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This fall marks 10 years since Lehman Brothers, the fourth-largest U.S. investment bank at the time, filed for bankruptcy protection. The wave of U.S. subprime mortgage failures that hit the housing and financial sectors spilled over into the broader economy and far beyond the U.S. The result was a global financial crisis (GFC).

A decade on, how has the damage inflicted by the GFC continued to shape both the global economy and investor behaviour?

"Obviously, we're in a much better place than we were a decade ago," said Roger Aliaga-Díaz, Vanguard’s chief economist for the Americas. "The global economy has been expanding, most developed economies are at or near full employment. And inflation remains modest despite unprecedented monetary stimulus.”

On the other hand, he says, "The GFC set in motion or accelerated some deep shifts in the global economy that leave us still short of pre-crisis normal. Aliaga-Díaz points to three key metrics. First, low interest rates. Before the GFC, global demand for so-called "safe assets," like high-quality government bonds, was already rising. The GFC triggered a worldwide collapse in the availability of those risk-free assets. The prices of remaining safe assets (like U.S. treasuries, British gilts and German bunds) hit extreme highs.

Bond prices and yields move in opposite directions, so bond yields and interest rates have reached historical lows. Will the global pool of safe assets remain small? It’s likely to, suggests Vanguard, which means long-term interest rates could stay at current levels for a while.

A second significant metric is the pace of global growth and trade. The financial meltdown slowed the debt-fueled consumption boom in the developed world. That, in turn, reduced the main growth driver for export-oriented emerging markets.

The drop in international trade has led some emerging markets, like China, to rebalance their economies, turning from export-oriented manufacturing production to domestic-oriented services. We’ve seen other emerging markets, especially commodity exporters, have a tough time re-orienting their economies.

In China, the annual growth rate averaged of about 10 per cent for the two decades before the GFC. In the last 10 years, it has been about 6.5 per cent. Overall, emerging-market growth has fallen from about 7 per cent to 4 per cent over the same period.

Aliaga-Díaz says a third metric to watch is wages. Typically, companies have to raise wages post-recession in order to attract and retain staff. However, with slowing global growth the demand for more workers isn’t as strong.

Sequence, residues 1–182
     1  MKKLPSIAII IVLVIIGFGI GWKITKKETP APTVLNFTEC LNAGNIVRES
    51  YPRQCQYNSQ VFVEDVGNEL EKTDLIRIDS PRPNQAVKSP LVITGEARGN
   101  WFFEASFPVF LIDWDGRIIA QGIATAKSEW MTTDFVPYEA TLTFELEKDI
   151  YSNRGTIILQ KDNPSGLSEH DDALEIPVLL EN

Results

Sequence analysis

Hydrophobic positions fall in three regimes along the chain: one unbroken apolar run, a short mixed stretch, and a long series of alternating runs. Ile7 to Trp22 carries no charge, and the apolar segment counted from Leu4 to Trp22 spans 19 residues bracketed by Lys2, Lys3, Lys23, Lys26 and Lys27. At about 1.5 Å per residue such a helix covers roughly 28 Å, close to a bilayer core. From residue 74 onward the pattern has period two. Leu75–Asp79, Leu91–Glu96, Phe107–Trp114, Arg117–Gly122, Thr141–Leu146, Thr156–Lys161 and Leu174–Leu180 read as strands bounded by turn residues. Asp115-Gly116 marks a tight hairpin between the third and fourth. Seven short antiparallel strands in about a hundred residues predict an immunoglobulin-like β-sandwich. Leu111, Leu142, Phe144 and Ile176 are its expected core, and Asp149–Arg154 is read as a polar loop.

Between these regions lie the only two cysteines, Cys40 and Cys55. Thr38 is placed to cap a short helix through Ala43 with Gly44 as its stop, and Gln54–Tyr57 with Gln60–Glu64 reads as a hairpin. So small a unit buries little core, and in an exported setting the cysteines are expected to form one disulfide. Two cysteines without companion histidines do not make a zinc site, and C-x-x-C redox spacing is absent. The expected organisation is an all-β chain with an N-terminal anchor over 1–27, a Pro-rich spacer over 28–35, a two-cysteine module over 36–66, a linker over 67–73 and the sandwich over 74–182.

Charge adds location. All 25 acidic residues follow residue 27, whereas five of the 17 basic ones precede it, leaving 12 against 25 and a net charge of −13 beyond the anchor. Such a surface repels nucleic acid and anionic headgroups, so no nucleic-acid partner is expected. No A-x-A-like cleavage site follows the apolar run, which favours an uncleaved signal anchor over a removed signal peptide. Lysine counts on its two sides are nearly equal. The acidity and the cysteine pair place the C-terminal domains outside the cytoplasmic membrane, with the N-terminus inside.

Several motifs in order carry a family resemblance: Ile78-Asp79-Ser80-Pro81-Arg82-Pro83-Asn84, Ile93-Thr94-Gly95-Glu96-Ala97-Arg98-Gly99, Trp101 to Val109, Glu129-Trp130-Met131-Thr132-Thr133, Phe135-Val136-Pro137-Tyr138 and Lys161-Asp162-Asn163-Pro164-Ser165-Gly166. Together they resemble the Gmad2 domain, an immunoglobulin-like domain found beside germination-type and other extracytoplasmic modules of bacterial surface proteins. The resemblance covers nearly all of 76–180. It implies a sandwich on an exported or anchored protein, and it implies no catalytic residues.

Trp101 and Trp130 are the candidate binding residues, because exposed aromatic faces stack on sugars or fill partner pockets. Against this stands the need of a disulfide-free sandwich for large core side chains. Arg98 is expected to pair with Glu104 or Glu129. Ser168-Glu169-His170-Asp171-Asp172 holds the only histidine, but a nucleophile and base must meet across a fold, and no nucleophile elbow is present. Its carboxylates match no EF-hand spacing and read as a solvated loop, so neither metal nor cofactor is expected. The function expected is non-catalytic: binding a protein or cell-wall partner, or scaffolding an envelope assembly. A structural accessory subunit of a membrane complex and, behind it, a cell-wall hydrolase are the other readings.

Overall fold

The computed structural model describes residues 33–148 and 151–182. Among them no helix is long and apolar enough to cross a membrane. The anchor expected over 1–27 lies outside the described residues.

Demographics play a part too. The fall in the unemployment rate can be partly explained by retiring Baby Boomers, who’ve been replaced by younger (and cheaper) workers. After adjusting for inflation, wages have stagnated during this economic recovery.

With all of that, the financial markets have been relatively strong, with some caveats. What lessons should investors have learned from the GFC?

  1. Stay the course. In Canada, cumulative returns since September 2008 have been 56 per cent for stocks and 51 per cent for bonds. Even including the GFC, returns since 2008 have been healthy.
  2. Take a hard look at risk/reward. The markets rewarded investors who didn’t panic and remained disciplined. Yet there’s a greater fear of loss among some investors. Millennials who started investing with Vanguard after the GFC were twice as likely to hold zero-stock portfolios as those who started investing before the GFC. These investors seem to be swayed more by market risk than potential return.
  3. Reduce expectations. We may be heading into a period of lower portfolio returns over the next 10 years, says Greg Davis, Vanguard’s chief investment officer. He says a global balanced portfolio may return 3-5 per cent after accounting for inflation, compared with a historical return of around 7 per cent.

The global economy looks very different 10 years after the GFC. Yet. Davis says one thing that hasn’t changed is Vanguard's investment approach.

“Think about how much risk you can take on and still sleep, diversify your portfolio across the globe among stocks and bonds, and make sure to rebalance from time to time,” he says. “Those steps should still offer you the best chance for investment success.”

This content was produced by Vanguard. The Globe and Mail was not involved in its creation.